Hogwarts, Hyderabad

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As in 2021

Sudipta Sengupta, February 21, 2021: The Times of India

Hyderabad’s Hogwarts: India’s only magic school lets its spell linger

HYDERABAD: Set to open doors to a fresh batch this month is Hyderabad’s own Hogwarts, albeit without the bells and whistles of the fictional school of wizardry. Soon, 20 students will walk into a crammed corner room at the Potti Sreeramulu Telugu University here, and leave, 120 days later, with a diploma in magic – the only such course offered across India.

Started in 2014, this short course, complete with a syllabus, semester exams (theory and practical), and a stamped university certificate at the end of it, has found takers both within and outside Telangana.

“After learning about it, governments of Rajasthan, Odisha, Maharashtra, Madhya Pradesh too have expressed interest in starting similar courses. Hopefully they will begin soon,” said Samala Venu, a popular illusionist who initiated the launch of the course. His objective: to make magic a serious profession that’s not just seen as a ploy by fake performers to cheat people. “Apart from Telangana, we have had students from these states too who come here to study magic,” he added.

At present, most lessons in magic are limited to online courses or workshops, typically spread over 7 to 10 days. Internationally too, it is often part of a larger stream of study. “It (magic) is part of a cultural studies course taught in a few places,” said author John Zubrzycki, who’s book, Jadoowallahs, Jugglers and Jinns, was released in 2018.

But can magic be taught in a classroom? “The performing art involves multiple technicalities and a course like this helps one understand those nuances – like what do you do if a trick misfires on stage,” said Ram Akhil, one of the first to take the course. “For someone like me who came from an MSc (in forensic science) background, it opened my eyes to a wide range of magic tricks and magicians that I didn’t know about,” added the ‘conjuring artist’ with over 1,500 shows – in India and abroad – under his belt. His most popular trick: producing currency notes on stage.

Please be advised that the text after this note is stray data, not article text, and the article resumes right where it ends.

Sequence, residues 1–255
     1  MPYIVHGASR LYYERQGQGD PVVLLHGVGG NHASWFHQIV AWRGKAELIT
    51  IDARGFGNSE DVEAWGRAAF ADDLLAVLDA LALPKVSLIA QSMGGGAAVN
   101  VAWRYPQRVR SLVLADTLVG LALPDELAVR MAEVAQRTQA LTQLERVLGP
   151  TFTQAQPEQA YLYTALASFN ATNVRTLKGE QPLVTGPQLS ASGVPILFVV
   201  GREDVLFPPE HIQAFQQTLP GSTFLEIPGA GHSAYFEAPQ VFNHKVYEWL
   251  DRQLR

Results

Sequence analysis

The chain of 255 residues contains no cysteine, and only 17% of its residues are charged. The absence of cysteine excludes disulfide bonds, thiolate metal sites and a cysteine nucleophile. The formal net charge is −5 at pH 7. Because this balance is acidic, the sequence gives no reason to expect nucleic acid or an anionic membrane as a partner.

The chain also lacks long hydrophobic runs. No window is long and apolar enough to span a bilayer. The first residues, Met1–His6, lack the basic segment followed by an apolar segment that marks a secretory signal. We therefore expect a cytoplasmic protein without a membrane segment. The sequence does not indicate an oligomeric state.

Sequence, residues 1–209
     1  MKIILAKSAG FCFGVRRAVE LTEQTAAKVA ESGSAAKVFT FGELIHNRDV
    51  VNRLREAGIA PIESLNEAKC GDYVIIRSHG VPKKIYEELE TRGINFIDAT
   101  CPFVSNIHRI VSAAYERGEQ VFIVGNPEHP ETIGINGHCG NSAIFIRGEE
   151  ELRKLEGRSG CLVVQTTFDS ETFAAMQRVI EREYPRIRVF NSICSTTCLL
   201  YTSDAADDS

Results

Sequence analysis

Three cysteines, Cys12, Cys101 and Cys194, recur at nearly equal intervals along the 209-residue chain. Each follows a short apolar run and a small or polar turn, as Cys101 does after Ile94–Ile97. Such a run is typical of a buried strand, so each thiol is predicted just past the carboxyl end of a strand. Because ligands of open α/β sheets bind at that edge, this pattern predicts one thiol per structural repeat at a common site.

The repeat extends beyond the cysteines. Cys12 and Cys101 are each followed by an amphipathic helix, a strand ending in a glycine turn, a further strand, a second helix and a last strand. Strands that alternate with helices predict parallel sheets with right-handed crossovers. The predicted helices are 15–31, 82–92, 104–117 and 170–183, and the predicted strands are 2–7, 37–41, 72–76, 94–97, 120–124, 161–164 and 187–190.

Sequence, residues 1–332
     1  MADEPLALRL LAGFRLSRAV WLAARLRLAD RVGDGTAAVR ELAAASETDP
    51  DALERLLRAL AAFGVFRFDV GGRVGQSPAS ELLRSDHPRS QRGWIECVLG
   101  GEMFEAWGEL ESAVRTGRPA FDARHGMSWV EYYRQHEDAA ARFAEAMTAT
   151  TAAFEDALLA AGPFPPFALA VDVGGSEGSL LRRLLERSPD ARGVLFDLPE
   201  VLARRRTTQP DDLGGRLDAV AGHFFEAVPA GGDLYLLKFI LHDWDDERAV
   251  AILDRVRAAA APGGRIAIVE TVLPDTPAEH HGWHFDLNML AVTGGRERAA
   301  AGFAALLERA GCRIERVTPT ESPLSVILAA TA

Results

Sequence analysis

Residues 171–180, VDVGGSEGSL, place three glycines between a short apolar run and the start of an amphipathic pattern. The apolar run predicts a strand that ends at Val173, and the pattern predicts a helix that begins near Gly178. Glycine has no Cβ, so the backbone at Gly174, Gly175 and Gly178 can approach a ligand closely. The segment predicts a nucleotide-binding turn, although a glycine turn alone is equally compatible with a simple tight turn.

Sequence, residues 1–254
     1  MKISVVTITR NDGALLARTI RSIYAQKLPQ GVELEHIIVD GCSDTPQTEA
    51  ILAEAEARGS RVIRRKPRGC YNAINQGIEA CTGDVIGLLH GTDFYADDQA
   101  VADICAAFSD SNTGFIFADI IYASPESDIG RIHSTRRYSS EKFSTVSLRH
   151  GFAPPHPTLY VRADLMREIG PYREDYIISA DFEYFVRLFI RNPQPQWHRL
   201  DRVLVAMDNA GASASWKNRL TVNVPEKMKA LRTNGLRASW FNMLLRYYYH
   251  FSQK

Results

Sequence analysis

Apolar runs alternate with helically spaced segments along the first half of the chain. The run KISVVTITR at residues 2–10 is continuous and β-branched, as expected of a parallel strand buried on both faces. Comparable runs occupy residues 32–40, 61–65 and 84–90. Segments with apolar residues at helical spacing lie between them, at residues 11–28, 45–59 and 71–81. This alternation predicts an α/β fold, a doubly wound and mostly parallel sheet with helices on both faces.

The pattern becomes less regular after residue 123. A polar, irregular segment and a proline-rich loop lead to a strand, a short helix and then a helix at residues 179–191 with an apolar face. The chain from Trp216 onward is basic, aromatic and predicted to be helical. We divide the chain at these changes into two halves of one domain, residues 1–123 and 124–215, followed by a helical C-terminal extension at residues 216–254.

That the certificate allows one to take up professional gigs, which are reasonably well-paying – many make up to Rs 1 lakh or more (average is Rs 30,000 to Rs 50,000) a month – adds to the charm.

“Along with the money, a profession like this also helps one stand out in a crowd,” said 37-year-old, Rajkumar Darna, eyeing a seat in the next batch. A MCom degree holder, with a comfortable job in the private sector, Darna says he has always, secretly, nursed the desire to don the magician’s hat.

A chat with aspirants waiting in line for their selection interview revealed many have post-graduate degrees (and even jobs) that they are willing to put on hold, to pursue a career in magic.

“It (magic) is a wonderful second profession and to many the only profession. The avenues to perform and entertain are many, be it private parties, public functions, or at five-star brunches. While this has hit pause like most else with Covid, hopefully soon life will be able to continue and magicians will be able to do what they do best — make magic,” said Nakul Shenoy a renowned Indian mentalist based in Bengaluru.

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